Please join us on Monday December 7th, at 7 pm ET/4 pm PT in Shengri La Second Life to celebrate the outstanding work of this star performer as her models show her work with aplomb.
Here’s the SLurl Link to teleport you into SL for Missy’s show: The set will not be open to the public until 7 pm ET promptly – early arrivals will just end up wandering aimlessly around in our marketplace so please wait until 7pm ET to teleport over.”
Missy has the Bella Fantastique boutique in Second Life. Here is a SLURL link to her boutique.
Other blog postings related to Missy:
Head on over to Shenlei Winkler’s [FRI] post detailing last minute preparation for the Threading the Needle Fashion Design Conference
I visited the conference area in the images below. Shenlei orientated my avatar and provided it with clothing, hair, skin and shoes. Thank you Shenlei! Here is a link to the FRI orientation page. I visited the conference area where I will be presenting.
I managed to snap an image of Steven Zucker obsessing about his avatar’s nose. It look just fine to me Steven! :)
[Note: this is a guest post by Shenlei Winkler, CEO of the Fashion Research Institute, Inc., 419 Lafayette, NYC, NY 10013 [ph 646-688-4042] [fx 646-688-4043]
- Author, Designing Dreams: Best Practices for the Art & Business of Avatar Apparel Design & Development
- Author, Shengri La Spirit: A Designer’s Perspective of the Making of OpenSim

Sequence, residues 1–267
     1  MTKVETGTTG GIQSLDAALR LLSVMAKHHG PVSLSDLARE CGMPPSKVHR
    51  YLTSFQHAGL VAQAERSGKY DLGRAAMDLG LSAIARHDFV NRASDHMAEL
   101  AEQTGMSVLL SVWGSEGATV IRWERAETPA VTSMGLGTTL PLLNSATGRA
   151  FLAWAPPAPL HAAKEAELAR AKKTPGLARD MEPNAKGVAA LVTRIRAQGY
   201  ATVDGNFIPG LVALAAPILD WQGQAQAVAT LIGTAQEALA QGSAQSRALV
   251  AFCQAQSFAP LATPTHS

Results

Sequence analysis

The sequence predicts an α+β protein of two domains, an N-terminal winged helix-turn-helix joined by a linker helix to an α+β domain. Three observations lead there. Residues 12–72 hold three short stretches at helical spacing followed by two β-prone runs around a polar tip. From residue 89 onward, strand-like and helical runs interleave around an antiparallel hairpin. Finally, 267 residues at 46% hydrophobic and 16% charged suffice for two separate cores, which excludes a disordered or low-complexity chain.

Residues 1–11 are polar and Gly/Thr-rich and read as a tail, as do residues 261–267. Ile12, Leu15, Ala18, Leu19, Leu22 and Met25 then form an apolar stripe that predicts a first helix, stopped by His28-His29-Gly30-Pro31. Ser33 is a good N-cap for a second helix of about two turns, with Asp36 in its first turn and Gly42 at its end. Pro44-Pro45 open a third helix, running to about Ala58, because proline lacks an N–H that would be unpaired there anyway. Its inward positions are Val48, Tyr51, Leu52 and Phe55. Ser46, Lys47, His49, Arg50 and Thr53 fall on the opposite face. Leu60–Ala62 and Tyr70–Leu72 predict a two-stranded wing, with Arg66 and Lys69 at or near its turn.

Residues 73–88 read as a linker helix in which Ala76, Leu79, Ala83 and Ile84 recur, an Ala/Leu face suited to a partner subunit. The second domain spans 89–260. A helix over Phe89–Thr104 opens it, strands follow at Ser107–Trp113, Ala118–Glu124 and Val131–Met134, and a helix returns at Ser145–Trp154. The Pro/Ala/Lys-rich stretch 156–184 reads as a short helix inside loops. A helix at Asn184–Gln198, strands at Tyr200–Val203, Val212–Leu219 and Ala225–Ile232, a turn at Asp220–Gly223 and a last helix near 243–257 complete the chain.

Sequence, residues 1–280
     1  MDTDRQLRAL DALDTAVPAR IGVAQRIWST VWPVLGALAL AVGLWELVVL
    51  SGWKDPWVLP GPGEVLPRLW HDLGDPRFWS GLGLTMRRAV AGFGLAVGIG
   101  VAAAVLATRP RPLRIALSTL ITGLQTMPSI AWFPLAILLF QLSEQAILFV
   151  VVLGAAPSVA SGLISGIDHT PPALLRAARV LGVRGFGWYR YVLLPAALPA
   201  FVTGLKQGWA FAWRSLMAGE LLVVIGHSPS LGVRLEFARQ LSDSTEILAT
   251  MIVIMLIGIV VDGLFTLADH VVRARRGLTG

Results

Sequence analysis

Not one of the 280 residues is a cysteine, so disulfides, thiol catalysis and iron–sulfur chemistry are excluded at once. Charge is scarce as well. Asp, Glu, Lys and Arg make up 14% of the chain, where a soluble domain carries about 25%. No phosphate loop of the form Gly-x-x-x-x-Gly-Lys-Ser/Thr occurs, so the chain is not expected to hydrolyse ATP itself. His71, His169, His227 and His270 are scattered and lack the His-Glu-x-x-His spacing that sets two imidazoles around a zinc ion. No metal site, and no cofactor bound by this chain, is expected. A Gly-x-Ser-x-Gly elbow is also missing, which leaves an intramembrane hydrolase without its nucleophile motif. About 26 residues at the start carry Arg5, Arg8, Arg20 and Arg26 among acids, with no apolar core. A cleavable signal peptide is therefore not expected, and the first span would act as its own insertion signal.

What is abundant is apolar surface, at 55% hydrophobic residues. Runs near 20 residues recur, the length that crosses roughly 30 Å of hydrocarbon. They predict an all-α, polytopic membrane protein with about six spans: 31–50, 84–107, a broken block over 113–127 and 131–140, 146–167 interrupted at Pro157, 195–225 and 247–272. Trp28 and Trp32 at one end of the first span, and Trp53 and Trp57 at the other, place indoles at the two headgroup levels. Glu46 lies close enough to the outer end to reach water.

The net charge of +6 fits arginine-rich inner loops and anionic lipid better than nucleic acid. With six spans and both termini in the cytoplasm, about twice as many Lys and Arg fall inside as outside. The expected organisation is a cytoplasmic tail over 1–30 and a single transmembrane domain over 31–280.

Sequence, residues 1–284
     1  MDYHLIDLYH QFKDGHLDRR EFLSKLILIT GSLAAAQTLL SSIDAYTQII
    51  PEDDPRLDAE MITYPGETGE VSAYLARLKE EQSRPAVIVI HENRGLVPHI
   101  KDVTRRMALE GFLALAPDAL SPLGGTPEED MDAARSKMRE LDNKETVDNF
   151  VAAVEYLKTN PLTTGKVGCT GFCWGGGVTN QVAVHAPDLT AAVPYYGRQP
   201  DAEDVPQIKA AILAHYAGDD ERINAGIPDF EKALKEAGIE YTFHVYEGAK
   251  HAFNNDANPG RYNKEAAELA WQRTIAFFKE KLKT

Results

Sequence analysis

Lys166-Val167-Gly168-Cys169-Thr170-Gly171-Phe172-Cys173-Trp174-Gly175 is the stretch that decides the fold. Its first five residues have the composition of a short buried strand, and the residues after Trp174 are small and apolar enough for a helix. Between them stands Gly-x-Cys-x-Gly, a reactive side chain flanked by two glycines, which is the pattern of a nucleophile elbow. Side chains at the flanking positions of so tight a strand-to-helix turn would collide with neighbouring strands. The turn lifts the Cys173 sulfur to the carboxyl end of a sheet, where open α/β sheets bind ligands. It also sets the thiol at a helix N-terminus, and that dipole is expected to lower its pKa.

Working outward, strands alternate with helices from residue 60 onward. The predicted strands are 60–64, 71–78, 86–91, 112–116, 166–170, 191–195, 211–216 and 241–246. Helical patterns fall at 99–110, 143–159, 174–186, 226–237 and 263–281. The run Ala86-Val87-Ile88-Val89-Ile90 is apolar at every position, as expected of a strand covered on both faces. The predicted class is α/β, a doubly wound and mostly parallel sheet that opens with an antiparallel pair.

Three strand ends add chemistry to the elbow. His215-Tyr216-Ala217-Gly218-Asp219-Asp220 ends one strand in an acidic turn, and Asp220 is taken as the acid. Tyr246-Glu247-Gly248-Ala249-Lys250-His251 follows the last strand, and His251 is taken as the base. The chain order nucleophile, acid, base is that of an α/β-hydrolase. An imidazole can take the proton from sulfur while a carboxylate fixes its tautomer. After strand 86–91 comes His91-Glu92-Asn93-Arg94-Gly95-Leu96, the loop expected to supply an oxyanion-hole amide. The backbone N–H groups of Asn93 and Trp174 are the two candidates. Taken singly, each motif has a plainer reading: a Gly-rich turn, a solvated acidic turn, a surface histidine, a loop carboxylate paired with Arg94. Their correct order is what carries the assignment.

Fashion Research Institute has been working in virtual worlds for the past few years, exploring them as platforms and tools for use by the $1.7 trillion apparel industry. We have since developed a design application, Black Dress Design Studio, which is currently in closed alpha. Black Dress shows promise of being a disruptive technology for the industry, as well as a game changer for the way product is developed in both apparel and in the much larger soft consumer goods industries.
As we worked in the virtual world space, our understanding of both the potential power and range of the platform, and our understanding of how to educate fashion designers using virtual world platforms grew and changed. We knew that understanding how people learn is as critical to our success in bringing our application to market as making sure the application is ‘right’. With that understanding as a basis, we launched a series of educational programs, which currently include our Shengri La Marketplace program and our student internships.